It’s easy to forget, when you live and work around this great metropolis, just what a marvel it is. London is at least 2 000 years old, and yet continues to metamorphose in front of our eyes. It’s a wonder to me that the views of London are so varied, so constant, and yet so changing – with the seasons, the shade of light, and my own life’s perspective. And on a grey Tuesday morning in April, I stood in the City and wondered all over again.
The London Marathon last weekend brought out my personal reel of race day flashbacks – those cinematic images which you store for a lifetime. Crossing Tower Bridge at 12 miles is a sight to match any in world running. And yet when I ran the event for the second time in 2004, it was the view just before it which caught my eye. Rounding the corner from Bermondsey High Street, the view of the London skyline opened up ahead of me. It was raining, I was wet, cold, and already more tired than I should have been, and yet there was inspiration in that view which stuck in my mind. I can still see it now.
I had run the race just three years before, in 2001, and yet something was different, this time. What was it ? It was only much later that I realised what it was, this difference of one remarkable new building which had grown up here since last I ran.
Sometimes the catalyst for change in London comes from undesirable sources. It was the Great Fire of London in 1666 which destroyed much of the mediaeval city, and 87 of its churches, including the old St Paul’s Cathedral. A disaster at the time, the fire was followed by a wave of rebuilding. Many of the old churches were rebuilt in daring new style by Sir Christopher Wren, who was also the architect for the ‘new’ St Paul’s Cathedral. Much reviled then, its design has become one of the landmarks of London.
And so, on a smaller scale, it was the IRA bombing of the Baltic Exchange in 1992 which was responsible for the latest addition to London’s skyline. Even once it was determined that neither the old listed building, nor just its façade, could be saved, the decision to demolish this small part of London’s trading history caused much heartbreak and hand-wringing. What could replace it ?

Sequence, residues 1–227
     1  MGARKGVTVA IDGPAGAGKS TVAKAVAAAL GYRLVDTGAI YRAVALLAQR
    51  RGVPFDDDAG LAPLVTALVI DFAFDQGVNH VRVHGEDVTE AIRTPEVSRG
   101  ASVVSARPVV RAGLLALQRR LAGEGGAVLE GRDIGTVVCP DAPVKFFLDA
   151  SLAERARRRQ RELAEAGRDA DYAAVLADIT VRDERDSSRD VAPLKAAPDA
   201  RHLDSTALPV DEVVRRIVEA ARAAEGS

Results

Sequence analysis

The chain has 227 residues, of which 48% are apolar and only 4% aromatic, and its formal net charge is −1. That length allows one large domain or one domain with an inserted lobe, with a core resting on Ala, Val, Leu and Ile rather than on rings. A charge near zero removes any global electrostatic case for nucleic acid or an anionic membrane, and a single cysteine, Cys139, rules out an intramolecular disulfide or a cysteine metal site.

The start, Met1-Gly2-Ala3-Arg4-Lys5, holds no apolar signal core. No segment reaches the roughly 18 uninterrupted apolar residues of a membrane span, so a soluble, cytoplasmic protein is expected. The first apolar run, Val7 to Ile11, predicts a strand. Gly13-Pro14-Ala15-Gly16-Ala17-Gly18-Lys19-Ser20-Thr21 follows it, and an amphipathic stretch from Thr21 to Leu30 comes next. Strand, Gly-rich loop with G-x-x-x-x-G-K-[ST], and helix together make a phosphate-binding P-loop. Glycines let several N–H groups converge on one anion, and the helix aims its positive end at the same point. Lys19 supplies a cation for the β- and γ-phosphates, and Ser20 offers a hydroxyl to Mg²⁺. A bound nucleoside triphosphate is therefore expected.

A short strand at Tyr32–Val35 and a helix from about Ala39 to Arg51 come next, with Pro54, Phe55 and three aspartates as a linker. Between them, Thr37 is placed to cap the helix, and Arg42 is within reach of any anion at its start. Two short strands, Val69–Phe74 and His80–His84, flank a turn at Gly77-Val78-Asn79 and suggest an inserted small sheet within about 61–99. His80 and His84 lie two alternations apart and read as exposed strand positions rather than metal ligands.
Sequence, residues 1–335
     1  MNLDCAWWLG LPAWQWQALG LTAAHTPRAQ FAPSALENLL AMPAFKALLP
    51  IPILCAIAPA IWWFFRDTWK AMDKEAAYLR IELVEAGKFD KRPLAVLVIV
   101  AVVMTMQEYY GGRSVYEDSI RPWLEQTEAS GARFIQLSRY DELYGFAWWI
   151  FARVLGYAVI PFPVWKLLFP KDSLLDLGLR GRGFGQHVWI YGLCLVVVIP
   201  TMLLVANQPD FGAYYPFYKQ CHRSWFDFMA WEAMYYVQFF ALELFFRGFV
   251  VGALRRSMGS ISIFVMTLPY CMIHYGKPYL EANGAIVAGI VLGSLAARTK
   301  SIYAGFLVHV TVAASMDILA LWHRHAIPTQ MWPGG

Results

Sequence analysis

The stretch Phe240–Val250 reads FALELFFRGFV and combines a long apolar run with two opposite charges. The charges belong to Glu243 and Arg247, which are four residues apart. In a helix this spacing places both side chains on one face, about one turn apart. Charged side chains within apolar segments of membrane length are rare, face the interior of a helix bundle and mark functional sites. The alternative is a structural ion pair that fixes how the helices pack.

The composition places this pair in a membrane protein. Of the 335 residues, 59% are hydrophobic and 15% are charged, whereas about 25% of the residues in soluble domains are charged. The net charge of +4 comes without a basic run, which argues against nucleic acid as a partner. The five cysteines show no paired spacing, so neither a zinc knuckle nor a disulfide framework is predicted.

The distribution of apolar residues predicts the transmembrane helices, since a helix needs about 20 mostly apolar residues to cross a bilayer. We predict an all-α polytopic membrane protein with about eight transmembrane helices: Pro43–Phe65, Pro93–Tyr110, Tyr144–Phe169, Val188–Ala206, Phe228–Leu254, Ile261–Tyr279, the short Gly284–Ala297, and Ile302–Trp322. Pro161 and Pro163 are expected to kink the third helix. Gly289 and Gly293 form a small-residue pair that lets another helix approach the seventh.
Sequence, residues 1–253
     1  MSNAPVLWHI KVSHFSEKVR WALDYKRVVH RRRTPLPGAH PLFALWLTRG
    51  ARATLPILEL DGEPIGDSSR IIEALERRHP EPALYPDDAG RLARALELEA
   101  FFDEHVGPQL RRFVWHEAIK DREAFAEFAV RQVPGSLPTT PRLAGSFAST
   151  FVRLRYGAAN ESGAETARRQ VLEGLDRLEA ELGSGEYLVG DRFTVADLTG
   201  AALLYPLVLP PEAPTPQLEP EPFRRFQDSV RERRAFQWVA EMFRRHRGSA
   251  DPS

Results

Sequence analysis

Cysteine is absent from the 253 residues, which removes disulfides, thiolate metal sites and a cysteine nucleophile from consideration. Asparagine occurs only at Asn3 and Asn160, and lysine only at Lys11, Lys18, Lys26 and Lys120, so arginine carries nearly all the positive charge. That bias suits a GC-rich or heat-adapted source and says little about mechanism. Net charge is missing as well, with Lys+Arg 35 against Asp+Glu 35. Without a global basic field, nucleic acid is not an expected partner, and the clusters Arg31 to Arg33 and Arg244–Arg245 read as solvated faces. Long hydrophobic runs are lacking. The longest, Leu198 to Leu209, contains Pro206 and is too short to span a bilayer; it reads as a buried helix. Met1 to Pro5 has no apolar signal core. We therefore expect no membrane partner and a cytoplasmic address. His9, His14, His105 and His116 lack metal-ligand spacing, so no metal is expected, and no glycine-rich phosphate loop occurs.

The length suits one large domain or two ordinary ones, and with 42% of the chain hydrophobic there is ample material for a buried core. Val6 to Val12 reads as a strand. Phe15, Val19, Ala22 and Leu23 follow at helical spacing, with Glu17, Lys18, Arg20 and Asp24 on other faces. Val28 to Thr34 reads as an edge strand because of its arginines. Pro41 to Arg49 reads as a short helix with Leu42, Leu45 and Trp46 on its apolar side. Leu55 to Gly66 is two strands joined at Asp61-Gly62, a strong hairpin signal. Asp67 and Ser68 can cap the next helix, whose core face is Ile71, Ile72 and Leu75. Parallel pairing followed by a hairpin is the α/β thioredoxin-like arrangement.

A competition was held, and a winning design selected. Work started in 2000, and in April 2004, just a year ago this month, the building opened. That building’s official name is 30 St Mary Axe, and it also goes under the soubriquet of the Swiss Re Tower. But to most of seven million Londoners, it is simply the Gherkin.
This was the new building which had been added to the skyline between my two London Marathons. Just one building, and yet – what architecture !
I had no plan to be here, this Tuesday morning in April, to celebrate its first anniversary, and yet as I headed out of Bank tube station into the morning, there stood the Gherkin behind the Bank of England, the City’s youngest daughter peeping around the skirts of The Old Lady of Threadneedle Street. My meeting nearby on the seventh floor disappointingly revealed only the black and grey austerity of the NatWest Tower, but on escaping later with some time for a stroll, where better for me to wander than through the old streets of the City in search of its newest inhabitant.
I knew I would find her, of course, and yet still I was surprised when I peered down a sidestreet to glimpse her, framed by the vertical walls of shining glass and concrete of the other blocks. For that is what they had become – just simple blocks, in comparison with the Gherkin. For despite her cucumbersome name, she really is a creation of beauty and grace, quite unlike any of her neighbours. I stood there for a moment, looking at the glass, at the curves, at the light, at the brilliance, the audacity and sheer simplicity of the concept – a spiral skyscraper. No wonder the design by Sir Norman Foster has won so many awards, since office blocks have simply never been like this before.